(The Center Square) – Public health managers in Madison and Dane counties are being taken to task for their refusal to share public information about the coronavirus and the health department’s response.
Tom Kamenick, president of the Wisconsin Transparency Project, wrote a scathing letter to Janel Heinrich, the director of Public Health Madison & Dane County, accusing her of hiding public information in order to control the narrative about the coronavirus.
“I have never seen a more callous disregard of the obligations imposed by the Open Records Law than that displayed by Public Health Madison & Dane County,” Kamenick wrote. “Never have I received so many complaints about the same entity, from people who have no connection to each other, each having the same exact problem, in such a short period of time.”
Kamenick says he’s made several requests for what is supposed to be public information on behalf of a number of people. He said the response is always the same.
“I think some health departments, PHMDC isn’t the only one I’ve heard problems about, have an attitude that they are too busy fighting the pandemic to have time for record requests,” Kamenick told The Center Square. “I think it’s a combination of that and wanting to control the narrative by putting out the data and information they want known and making it hard to get the rest.”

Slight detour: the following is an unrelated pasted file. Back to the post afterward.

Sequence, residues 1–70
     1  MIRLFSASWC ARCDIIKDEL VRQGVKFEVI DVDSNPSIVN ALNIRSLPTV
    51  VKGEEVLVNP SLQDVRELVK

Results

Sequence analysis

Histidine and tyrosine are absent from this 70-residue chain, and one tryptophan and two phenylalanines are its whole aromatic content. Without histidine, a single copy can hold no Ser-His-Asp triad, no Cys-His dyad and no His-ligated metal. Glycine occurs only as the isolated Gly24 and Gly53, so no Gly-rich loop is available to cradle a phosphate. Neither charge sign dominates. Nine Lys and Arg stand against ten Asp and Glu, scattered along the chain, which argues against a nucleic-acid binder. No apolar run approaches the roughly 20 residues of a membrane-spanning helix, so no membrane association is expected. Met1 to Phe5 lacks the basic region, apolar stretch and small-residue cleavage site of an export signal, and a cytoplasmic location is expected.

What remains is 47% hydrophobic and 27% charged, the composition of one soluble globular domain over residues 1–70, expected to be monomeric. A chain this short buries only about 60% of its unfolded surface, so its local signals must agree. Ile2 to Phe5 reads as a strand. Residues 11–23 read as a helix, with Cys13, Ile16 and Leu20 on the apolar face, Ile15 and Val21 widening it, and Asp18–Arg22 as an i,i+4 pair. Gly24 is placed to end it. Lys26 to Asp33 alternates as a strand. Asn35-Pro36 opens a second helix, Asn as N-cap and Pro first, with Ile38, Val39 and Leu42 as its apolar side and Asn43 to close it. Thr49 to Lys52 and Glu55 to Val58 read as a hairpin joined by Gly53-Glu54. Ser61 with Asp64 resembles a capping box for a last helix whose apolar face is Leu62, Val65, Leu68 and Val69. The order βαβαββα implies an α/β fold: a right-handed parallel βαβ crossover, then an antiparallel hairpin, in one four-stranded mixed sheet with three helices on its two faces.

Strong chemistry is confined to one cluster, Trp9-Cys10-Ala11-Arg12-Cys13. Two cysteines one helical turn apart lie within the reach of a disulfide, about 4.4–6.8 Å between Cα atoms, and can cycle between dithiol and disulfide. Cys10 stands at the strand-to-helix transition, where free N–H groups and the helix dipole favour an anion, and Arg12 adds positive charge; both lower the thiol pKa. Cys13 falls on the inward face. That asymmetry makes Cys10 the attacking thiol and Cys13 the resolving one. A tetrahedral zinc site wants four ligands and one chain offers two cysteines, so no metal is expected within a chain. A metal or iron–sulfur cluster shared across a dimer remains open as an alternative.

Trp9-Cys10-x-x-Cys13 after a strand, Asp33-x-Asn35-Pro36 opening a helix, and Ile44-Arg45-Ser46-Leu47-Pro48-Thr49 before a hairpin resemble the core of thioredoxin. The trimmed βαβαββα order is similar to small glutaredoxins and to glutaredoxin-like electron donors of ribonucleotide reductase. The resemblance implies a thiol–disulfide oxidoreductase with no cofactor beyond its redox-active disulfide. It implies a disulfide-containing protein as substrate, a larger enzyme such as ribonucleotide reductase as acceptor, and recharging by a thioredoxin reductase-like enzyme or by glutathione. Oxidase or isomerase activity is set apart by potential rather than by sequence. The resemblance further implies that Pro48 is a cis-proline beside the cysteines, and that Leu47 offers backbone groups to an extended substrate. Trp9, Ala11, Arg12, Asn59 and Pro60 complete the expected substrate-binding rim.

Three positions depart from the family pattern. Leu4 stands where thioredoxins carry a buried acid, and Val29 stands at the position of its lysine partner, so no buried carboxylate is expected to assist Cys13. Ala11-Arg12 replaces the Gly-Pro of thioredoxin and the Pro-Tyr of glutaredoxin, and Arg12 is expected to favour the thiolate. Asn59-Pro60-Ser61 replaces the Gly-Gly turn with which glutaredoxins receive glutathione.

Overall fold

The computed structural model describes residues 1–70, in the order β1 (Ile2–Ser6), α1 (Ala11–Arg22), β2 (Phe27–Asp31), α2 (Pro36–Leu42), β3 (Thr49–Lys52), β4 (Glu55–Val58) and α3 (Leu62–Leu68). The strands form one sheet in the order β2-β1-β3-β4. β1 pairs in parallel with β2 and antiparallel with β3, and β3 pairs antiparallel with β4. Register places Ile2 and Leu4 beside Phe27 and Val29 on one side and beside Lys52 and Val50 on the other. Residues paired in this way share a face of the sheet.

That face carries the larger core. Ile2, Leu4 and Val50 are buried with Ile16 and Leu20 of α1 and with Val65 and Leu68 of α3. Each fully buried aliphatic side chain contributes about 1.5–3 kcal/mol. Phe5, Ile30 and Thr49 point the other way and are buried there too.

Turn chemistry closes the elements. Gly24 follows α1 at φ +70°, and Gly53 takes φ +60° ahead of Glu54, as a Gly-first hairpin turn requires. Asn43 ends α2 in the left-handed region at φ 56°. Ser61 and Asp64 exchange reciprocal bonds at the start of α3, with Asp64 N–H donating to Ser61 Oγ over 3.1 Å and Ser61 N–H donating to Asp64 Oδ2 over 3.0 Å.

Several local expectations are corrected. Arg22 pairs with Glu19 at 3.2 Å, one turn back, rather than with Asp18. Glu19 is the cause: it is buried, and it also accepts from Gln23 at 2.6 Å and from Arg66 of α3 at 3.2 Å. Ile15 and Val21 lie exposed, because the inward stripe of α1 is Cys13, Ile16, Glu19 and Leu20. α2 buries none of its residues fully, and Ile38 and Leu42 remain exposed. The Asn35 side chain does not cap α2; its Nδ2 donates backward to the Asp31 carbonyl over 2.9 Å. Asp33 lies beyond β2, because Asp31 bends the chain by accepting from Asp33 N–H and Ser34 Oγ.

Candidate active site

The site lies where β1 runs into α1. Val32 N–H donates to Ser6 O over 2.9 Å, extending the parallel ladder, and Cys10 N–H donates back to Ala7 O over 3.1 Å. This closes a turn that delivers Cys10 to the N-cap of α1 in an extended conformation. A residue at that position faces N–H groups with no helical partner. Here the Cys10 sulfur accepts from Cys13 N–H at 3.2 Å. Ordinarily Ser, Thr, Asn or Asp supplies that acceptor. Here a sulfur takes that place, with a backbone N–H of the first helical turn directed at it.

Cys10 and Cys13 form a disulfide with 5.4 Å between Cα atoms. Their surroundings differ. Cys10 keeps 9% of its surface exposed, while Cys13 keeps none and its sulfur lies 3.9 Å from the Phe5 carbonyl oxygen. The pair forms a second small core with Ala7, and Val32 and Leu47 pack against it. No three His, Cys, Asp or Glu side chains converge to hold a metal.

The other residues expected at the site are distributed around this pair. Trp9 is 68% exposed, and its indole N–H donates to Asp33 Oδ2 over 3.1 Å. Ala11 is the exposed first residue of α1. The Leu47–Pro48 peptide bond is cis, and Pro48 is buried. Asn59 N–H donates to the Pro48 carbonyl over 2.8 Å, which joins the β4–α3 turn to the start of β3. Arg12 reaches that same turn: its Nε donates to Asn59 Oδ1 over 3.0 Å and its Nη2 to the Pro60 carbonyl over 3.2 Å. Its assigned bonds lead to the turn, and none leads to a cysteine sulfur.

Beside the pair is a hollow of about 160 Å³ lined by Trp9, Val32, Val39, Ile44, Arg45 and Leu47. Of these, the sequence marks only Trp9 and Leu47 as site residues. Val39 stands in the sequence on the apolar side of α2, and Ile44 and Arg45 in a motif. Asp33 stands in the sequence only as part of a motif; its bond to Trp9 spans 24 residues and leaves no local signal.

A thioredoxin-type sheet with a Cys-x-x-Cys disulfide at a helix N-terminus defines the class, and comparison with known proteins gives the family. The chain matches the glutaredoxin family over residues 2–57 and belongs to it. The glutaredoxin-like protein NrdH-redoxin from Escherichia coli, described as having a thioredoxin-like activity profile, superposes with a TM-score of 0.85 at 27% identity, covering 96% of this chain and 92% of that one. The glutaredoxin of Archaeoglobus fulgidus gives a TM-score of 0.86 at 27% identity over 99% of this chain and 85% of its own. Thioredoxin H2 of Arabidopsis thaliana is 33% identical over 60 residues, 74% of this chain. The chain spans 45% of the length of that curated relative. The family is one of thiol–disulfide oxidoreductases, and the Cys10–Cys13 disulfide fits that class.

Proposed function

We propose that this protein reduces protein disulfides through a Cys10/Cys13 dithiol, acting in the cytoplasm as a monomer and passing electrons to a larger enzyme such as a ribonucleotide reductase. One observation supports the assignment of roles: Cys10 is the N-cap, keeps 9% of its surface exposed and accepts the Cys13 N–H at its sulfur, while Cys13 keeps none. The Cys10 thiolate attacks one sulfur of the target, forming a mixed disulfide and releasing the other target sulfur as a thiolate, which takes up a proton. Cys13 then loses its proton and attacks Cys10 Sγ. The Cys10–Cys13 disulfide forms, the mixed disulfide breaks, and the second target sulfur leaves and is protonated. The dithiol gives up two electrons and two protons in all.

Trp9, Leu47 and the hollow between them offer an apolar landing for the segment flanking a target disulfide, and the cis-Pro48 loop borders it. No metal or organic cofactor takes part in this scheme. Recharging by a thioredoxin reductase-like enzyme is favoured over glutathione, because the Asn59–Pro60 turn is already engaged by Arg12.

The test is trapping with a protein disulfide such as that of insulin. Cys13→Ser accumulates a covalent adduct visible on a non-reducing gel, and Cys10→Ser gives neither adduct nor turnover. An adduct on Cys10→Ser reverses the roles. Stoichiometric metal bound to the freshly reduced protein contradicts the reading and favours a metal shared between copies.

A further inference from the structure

His letter also addressed other transparency issues.
“You put out information about COVID to the public but refuse to allow people to see the underlying data. You present your conclusions as fact while hiding the bases for those conclusions and the processes you used to reach them. You are taking dramatic and unprecedented actions to curtail personal freedoms while at the same time denying the public the ability to see if the facts truly support such measures,” Kamenick wrote the department. “Your attitude that the public is only entitled to the data you choose to release does a disservice to the people you are charged with protecting and violates both the spirit and the letter of the Open Records Law.”
Kamenick said the open records requests cover a broad base of topics. He said some are broad requests, but he added that many are simple and should be fulfilled in no more than a day, or even a few hours.
Kamenick says if PHMDC doesn’t start following the letter and the spirit of Wisconsin’s open record law, he will sue them.
“Your delays and refusal to fulfil your basic obligations are unacceptable. You cannot use the excuse that you are busy with other work – the Open Records Law makes clear that fulfill record requests is a basic and fundamental function of all levels of government,” Kamenick wrote. “PHMDC is a large organization with scores of employees that has received substantial funding for dealing with the pandemic. You have the resources to treat record requests as a priority as you ought.”
By Benjamin Yount | The Center Square
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Reposted with permission